Are the console and other attachment screws sealed with a good coat of 3M5200 or something similar?. If not, you may have found the source of your problems.

    I'd certainly remove the console and start looking around there. No telling what holes have been drilled, for wires etc. , and not sealed properly.

    Letting a boat sit outside with water in it is a sure-fire way of asking for problems. They probably forget to remove the plug(s) or to tip it up sufficiently.

    regards, Rich
     
  12. DuckNut

    DuckNut Brandon, FL

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    That is a really nice looking boat. Congrats.

    I have to agree with RGH on the many different ways water can get under the sole. But I also know that once the foam absorbs water, it will never dry out and the only way to fix is to replace. Lotta work but it looks like it is worth it.

    There is an electronic moisture meter out there that you can drill some hole and stick that thing in the hole and get a reading then seal the hole up with epoxy. The screw holes from anything screwed to the deck are already there and a good place to start.
     
  13. richg99

    richg99 1652 G3; Malibu Mini-X kayak

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    Ducknut is correct that removing all of the water-soaked-foam is the CORRECT way. Some guys just plain didn't want to tear up the decking and replace the foam "logs" that made up the flotation in the original CS hulls.

    Another factor is whether or not the manufacturer properly left enough "limber holes"  throughout the hull. Limber holes allow water to drain to the stern.

    In one conversation that I had with the head of Customer Service at CS..I was told that the "foam logs" were placed transverse (across) the hull lines. But, that the "logs" were not tightly fit in. That purposeful spacing allowed water to drain back to the stern. How true that was, I don't know, since I never tore mine open. Others did, and they observed that the foam logs were across the hull lines.

    A big factor is whether or not your manufacturer used closed or open (absorbant) type foam.

    I"d say that very few of the water intrustion problems were hull issues. Most were caused by poor installation methods..... by not using proper sealant on every screw and fastening on the deck.

    Lots of consoles; coolers; and other gadgets are added long after the boat leaves the manufacturer's floor.

    Owners who left their boat out in the open, full of water.. allowed the standing water to get inside.

    If you determine that you have a real water intrusion problem, then do some cutting under the console and see what's down there.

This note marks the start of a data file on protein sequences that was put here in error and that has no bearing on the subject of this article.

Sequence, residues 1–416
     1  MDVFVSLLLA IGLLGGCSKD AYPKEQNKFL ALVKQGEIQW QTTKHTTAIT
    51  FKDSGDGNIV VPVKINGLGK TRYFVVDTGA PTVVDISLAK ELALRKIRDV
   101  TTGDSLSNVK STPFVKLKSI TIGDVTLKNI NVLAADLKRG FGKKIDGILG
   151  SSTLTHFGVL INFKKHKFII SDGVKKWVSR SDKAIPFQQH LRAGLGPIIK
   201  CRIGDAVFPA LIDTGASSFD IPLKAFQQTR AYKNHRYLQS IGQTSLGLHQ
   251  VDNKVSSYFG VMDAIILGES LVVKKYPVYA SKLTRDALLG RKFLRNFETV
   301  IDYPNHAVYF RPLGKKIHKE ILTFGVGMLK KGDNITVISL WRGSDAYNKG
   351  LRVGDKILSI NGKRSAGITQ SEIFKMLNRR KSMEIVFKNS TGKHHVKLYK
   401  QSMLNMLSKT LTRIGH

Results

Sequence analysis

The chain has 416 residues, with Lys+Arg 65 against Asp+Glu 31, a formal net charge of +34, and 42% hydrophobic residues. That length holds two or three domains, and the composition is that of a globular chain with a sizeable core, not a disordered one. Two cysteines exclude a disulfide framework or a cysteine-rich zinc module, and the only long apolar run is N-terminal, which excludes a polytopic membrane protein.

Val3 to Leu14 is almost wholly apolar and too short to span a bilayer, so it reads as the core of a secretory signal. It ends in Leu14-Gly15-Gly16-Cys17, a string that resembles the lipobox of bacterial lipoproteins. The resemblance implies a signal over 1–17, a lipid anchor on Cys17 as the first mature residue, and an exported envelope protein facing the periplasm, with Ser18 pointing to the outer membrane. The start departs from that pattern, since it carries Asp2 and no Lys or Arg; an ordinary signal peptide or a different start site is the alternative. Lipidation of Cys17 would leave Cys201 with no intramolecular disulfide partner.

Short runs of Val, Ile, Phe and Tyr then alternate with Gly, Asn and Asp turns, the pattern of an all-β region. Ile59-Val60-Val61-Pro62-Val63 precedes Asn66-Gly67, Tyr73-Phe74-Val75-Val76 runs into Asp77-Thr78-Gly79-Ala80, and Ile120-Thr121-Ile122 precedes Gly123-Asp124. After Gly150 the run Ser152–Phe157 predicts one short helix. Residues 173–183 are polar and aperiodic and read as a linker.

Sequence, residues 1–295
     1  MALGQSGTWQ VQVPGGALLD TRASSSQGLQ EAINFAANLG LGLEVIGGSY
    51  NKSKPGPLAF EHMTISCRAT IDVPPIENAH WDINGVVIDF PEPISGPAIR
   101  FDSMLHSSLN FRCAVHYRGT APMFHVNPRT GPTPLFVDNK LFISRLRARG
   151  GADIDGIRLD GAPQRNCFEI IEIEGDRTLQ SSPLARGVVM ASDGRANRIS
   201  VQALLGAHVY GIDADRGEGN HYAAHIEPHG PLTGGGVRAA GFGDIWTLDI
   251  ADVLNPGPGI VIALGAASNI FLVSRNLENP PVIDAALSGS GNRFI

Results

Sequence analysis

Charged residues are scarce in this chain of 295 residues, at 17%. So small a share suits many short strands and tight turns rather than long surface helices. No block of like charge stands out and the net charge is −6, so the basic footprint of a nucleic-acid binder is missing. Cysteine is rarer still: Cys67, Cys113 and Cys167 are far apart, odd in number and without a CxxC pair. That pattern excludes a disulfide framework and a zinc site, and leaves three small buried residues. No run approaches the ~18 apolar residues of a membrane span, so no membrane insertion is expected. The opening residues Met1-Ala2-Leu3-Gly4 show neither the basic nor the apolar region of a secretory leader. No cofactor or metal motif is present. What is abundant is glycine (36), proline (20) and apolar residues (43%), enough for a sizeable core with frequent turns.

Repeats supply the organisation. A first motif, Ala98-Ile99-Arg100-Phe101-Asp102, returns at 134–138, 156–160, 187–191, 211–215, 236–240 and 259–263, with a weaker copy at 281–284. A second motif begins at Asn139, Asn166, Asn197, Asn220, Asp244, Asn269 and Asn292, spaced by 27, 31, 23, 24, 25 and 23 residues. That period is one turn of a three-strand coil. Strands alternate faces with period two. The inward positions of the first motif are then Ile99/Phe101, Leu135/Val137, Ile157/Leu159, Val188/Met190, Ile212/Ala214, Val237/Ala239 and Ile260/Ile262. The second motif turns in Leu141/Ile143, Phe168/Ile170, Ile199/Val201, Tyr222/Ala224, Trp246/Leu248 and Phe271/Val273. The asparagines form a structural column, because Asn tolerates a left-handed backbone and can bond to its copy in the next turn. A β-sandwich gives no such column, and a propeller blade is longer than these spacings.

My issues came to light when I was installing some Smart Tabs ( great product, by the way).  When I drilled the mouting holes, water came spewing out. Some larger drain holes and a couple of weeks with the boat tipped up high stopped the water flow.  Never had a problem after that.....even though I checked the mounting holes a year later.

    regards, Rich

    p.s. Incidentally, if you buy a small hatch or inspection plate FIRST...and THEN cut your inspection hole to fit, it will make covering your work up much easier. Don't ask how I know this...Ha ha RG
     
  14. Un-shore

    Un-shore Well-Known Member

    Like Rich G said, get an inspection hole plate and cut the right size hole where the console will hide it and where the live well will hide it.
     
  15. svasey11

    svasey11 I Love microskiff.com!

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    Well got off shift this morning and decided to take a closer look.  I removed the center console and found just what I thought water.  The insulation was wet seems to be the type that absorbs water.  So now what, I think I'm going to cut a section out for a inspection.  Where could I find this plate you refer to Rich?  I have attached a few pics to show what I'm dealing with.  The glare from the light in the hole is water.
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  16. Brett

    Brett > PRO STAFF <

    You can stress yourself out about the wet foam
    and tear your hull apart if it makes you feel better,
    or you can do like so many have before and simply
    let the hull dry out. Drain the existing water by drilling
    a hole in the transom, then let the hull bake in the sun
    for a couple weeks. Don't let it get rained in while it's cooking.
    Then after you've gotten most of the water removed,
    reseal all the holes properly and keep using the hull.
    I've done that with a 13' whaler and an old aluminum boat.

    Inspection plates are sold at most marine hardware stores.

    http://www.google.com/images?hl=en&q=marine%20inspection%20plates&um=1&ie=UTF-8&source=og&sa=N&tab=wi&biw=1280&bih=527
     
  17. richg99

    richg99 1652 G3; Malibu Mini-X kayak

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    re Plate...Basspro; West marine; really, any boating store should have them in various sizes.

    I put one on my front deck to allow access for wiring...Lots of uses.   Rich

    p.s. as Brett posted above...NOT tearing things apart would be my first choice.

    http://www.basspro.com/webapp/wcs/stores/servlet/Product_10151_-1_10001_30206____SearchResults
     
  18. Frank_Sebastian

    Frank_Sebastian Well-Known Member

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    Those are good plates and, when correctly installed, are watertight.

    If you are trying to "bake out" your hull, black 6 mil plastic sheet or even garbage bags will help concentrate the heat on your hull. If it is possible turning the dark bottom up to the sun might help even more.

    At the Whaler plant, they would suspend boats from the ceiling beam and lean them against the wall. Holes were first drilled through the transom and deep into the hull to dry them out.

    I know the foam looks wet, but I would weigh it before I did much to make sure it is a significant problem.

    Frank_S
     
  19. richg99

    richg99 1652 G3; Malibu Mini-X kayak

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    Yea, don't think that only your particular hull or manufacturer has a water intrusion problem.

    My mechanic in Houston told me he's seen all sorts of brands of boats with it. Lack of sealant is probably the most common cause, too.
    Rich